Tiger McKee

Shootrite Firearms Academy

Self Image

Lanny Bassham, Olympic shooter and author, discusses the roles of the conscious and subconscious mind in his book “With Winning In Mind.” According to Bassham in addition to the conscious and subconscious mind the other factor we need to consider, and one most people don’t think about, is the “Self Image.” In order for us to perform at our best the conscious and subconscious parts of the mind must work and be in balance with the self-image. In other words, to perform properly we must have confidence in our skills.

In classes we always discuss the conscious and subconscious mental aspects of fighting, and the importance of both. The subconscious mind can process an enormous amount of info, and if we’ve practiced an action enough to have actually learned it the majority of tasks performed can be executed at a subconscious level.

Performing at a subconscious level permits the conscious mind, which can only think about one thing at a time, to focus on the problem at hand, making decisions on what is necessary to solve the trouble.

During a recent class I discussed the aspects of self-image during a talk about the mental aspects of fighting. The next week, Paul, one of the students, told me that the self-image part of the equation was one of the most important things he got out of the class. We were working the moving target with bystanders and the drill required a surgical shot to stop the threat. “I knew I could make that shot when the threat was right behind the bystander,” he explained. This is what I re-learned: your self-image and performance are always equal.

When you know through practice that you can perform an action properly, whether it’s marksmanship, weapon manipulations, or using cover, it creates confidence. “If faced with this type situation,” you say to yourself, “I have the skills needed.” This is not a question, but a statement of fact. When you think you’re not up to the task your performance will suffer. Have faith in the fact that you will do well and you will, at least to the best of your abilities considering training and practice.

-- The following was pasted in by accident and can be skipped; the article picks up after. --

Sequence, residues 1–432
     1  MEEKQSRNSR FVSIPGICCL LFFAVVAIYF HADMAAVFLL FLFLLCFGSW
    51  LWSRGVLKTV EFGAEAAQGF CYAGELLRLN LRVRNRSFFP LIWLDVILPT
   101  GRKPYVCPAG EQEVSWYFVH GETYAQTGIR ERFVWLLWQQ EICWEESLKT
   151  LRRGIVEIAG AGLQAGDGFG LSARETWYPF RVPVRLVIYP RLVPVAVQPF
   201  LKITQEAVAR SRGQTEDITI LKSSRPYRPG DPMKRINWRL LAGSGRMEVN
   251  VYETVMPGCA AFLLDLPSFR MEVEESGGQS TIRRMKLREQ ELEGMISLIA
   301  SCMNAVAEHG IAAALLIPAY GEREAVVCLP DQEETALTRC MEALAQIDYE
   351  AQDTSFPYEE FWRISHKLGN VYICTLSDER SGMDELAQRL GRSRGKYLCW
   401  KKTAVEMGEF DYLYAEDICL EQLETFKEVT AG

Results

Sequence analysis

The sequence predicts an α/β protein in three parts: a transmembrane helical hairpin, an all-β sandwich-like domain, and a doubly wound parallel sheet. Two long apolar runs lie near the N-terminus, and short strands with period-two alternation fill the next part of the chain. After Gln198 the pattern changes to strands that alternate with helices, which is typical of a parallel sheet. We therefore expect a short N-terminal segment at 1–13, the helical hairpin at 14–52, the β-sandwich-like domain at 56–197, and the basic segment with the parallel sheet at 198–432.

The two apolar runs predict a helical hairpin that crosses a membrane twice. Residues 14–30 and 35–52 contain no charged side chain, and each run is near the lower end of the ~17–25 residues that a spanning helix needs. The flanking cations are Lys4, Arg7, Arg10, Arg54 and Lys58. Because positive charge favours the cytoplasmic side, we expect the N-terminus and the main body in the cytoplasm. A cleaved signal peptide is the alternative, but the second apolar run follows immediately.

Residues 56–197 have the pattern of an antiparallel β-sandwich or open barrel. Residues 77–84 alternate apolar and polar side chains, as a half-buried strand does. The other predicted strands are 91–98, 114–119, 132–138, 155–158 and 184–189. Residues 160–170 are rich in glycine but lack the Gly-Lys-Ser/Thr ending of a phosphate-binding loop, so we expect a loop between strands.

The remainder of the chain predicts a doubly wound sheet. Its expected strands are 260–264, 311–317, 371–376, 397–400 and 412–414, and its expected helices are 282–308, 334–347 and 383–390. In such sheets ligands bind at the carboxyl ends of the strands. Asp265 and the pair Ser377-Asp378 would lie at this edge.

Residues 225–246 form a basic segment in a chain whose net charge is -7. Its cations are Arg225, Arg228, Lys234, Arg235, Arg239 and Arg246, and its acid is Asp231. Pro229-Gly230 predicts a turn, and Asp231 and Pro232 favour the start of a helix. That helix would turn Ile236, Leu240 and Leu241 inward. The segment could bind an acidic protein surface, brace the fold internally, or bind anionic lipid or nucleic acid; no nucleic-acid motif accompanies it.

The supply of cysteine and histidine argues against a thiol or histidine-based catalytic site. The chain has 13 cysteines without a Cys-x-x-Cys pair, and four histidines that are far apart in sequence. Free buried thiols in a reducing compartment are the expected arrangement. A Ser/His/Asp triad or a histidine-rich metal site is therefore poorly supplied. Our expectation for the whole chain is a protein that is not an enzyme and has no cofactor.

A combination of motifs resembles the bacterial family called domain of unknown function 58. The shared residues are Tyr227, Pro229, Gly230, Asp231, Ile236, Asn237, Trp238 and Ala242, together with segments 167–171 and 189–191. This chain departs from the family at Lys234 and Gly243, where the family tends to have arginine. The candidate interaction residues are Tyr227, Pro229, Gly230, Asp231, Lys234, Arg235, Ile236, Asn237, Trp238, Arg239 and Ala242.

The self-image applies to our tactical preparations as well as our everyday life, which if you think about it should be one in the same. At the start of the day I tell myself this may be the day I’m forced to fight, and if so I’m ready. Mentally prepping yourself at the start of your day puts you ahead of the game if a fight does develop, and reinforces your self-image, strengthening your confidence

At same time don’t overestimate your skills. Remember we’re not in a movie; this is the real world where we are limited by the laws of physics and our physical abilities. Having confidence is a lot different from a superman type ego.

To create confidence takes training and practice, working to improve your skills and recognize your personal limits. Then, when the time comes, there are no questions.

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July 14, 2011 - Posted by | Defensive Mindset

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